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Good Carbs vs. Bad Carbs? Researchers Suggest a Different Approach

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Key Takeaway

  • Some dietary choices, like grains and dairy products, are getting skipped due to their carb amounts, a recent commentary suggests.
  • Considering that only one in 10 Americans is getting enough fruits and vegetables, these researchers believe that carb-counting alone is a faulty approach.
  • Instead of labeling only low-carb choices as “good” they suggest considering carb quality instead.

One of the three main macronutrients along with protein and fat, carbohydrates are one of the largest sources of energy for the body, yet they’ve been disparaged to some degree within the past few years. As low-carb eating continues to be popular, the viewpoint of “good carb” sources and “bad carb” choices has become pervasive, and researcher commentary in Advances in Nutrition suggests that perspective lacks much-needed nuance.

Labels like “good” and “bad” assigned to carb-heavy foods are based on overly simplistic measures, like glycemic index or fiber content, according to commentary co-author Rebekah Schulz, a graduate student in food science at the University of Minnesota.

“While these aspects can be individual pieces of the puzzle, they don’t reflect the full picture of carbohydrate quality,” she says. “For example, the glycemic index isn’t representative of real-life dietary intake when carbohydrates are consumed with other foods.”

Rebekah Schulz, graduate student

A different approach would be to assess carb quality, not just quantity.

— Rebekah Schulz, graduate student

That can lead to consumer confusion when it comes to nutritional recommendations, such as fruits and vegetables, she adds. For example, if some fruits or vegetables are considered “high-carb”, they may not make it into a shopping cart at the supermarket.

Around nine in 10 Americans are falling short of fruit and vegetable intake recommendations. Schulz says, “A different approach would be to assess carb quality, not just quantity.”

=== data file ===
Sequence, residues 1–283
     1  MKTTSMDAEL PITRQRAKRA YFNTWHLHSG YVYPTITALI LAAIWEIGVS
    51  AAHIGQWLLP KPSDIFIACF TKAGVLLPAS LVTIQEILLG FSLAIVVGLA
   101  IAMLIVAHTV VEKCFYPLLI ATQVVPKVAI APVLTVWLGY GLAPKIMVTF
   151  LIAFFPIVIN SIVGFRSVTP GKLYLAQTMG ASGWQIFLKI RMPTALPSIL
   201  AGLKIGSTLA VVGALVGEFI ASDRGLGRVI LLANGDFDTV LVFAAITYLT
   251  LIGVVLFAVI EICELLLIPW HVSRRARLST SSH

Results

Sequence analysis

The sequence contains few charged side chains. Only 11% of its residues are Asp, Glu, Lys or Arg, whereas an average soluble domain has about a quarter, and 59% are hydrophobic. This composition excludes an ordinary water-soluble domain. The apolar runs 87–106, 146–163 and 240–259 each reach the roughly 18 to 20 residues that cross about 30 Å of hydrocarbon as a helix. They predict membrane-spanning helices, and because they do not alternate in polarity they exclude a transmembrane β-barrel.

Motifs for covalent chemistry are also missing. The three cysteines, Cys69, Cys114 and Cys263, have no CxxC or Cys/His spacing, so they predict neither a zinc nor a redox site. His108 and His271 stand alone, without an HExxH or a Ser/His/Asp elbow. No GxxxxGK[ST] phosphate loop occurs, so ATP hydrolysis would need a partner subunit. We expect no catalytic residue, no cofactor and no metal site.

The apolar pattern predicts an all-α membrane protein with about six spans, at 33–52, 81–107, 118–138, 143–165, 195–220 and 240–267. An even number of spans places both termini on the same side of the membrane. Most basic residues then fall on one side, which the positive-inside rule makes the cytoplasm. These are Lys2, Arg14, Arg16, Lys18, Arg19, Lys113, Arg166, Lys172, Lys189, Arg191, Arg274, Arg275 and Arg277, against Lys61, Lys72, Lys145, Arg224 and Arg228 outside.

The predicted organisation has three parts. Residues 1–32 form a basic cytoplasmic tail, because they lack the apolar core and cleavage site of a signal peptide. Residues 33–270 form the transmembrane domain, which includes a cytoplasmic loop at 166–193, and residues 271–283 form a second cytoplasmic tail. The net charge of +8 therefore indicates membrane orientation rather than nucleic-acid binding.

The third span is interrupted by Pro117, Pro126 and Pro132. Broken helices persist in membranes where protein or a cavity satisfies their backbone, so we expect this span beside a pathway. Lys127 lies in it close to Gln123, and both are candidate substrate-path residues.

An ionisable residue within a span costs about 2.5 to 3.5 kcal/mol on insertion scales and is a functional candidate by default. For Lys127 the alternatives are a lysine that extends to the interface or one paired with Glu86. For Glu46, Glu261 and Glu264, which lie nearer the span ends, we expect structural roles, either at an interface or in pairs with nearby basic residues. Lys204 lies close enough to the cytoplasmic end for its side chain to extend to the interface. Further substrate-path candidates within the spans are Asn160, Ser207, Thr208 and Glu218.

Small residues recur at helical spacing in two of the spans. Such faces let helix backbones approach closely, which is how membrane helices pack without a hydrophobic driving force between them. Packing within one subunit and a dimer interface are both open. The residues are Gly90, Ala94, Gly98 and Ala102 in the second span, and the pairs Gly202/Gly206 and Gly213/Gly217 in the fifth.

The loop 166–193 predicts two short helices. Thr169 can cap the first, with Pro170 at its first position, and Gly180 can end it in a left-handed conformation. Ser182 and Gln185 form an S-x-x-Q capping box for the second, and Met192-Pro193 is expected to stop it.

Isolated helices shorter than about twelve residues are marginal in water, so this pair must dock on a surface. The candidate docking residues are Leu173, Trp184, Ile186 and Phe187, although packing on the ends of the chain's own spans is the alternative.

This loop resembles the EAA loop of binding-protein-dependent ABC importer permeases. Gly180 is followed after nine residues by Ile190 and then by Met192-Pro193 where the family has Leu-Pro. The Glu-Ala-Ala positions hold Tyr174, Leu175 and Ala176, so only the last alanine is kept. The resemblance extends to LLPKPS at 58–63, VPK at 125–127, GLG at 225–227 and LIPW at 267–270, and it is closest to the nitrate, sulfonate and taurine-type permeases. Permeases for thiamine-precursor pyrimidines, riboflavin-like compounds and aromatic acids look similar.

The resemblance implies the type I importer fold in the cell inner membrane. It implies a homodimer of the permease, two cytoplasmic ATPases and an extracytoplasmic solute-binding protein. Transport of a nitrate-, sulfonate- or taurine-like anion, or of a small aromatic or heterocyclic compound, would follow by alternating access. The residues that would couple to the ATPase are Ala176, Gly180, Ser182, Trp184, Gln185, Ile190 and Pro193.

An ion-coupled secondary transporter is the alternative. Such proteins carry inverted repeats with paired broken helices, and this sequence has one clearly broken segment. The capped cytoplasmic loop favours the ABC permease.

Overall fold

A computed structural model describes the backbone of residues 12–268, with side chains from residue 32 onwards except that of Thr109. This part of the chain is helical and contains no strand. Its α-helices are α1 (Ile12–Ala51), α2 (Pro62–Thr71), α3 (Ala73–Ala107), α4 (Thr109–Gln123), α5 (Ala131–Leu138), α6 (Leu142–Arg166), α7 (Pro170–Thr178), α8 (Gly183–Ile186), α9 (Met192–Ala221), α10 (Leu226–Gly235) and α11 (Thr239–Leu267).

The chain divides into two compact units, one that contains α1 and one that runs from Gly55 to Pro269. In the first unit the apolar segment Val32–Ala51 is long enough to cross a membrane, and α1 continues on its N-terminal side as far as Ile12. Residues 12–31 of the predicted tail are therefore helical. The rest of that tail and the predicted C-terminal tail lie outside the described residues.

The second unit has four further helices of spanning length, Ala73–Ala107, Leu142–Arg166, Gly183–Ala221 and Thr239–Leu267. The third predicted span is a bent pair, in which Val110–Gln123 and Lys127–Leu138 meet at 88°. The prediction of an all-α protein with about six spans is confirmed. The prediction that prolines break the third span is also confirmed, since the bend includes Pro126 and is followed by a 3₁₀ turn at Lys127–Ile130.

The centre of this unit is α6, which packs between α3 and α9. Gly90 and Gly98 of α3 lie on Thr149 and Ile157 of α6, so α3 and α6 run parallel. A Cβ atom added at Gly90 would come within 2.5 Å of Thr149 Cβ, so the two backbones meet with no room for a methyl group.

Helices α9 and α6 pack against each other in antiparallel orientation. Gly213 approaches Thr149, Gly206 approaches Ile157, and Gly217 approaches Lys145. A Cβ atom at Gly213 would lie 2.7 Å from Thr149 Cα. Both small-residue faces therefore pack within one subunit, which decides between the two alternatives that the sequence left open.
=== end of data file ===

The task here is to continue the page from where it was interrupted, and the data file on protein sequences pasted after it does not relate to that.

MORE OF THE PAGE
Proposed Carbohydrate Strategy

Rather than rely on carb-counting to drive eating decisions, the researchers propose looking at these aspects instead:

  • Whole-grain content
  • Amount of added sugars
  • Fiber amount
  • Ratio of total carbohydrate to fiber and added sugar
  • Protein quality
  • Degree of processing
  • Environmental impact of food

“Of all the macronutrients, carbohydrates have been stigmatized when it comes to health impacts,” says Schulz. “However, they make the highest percentage of intake worldwide, so defining quality is paramount.”

The Grain Question

Although fruits and vegetables seem like an easy choice to add into a fresh approach to carb consumption, what about grains? Schulz says any food or nutrient can have a place as part of a healthy lifestyle, but when it comes to highly refined grains, previous research still supports the recommendation to choose whole grains instead.

For example, a study in The BMJ looked at consumption of both types of grains in 21 countries, with over 137,000 total participants, and compared dietary patterns over a 16-year period with the incidence of cardiovascular disease, blood lipids, blood pressure, and total mortality.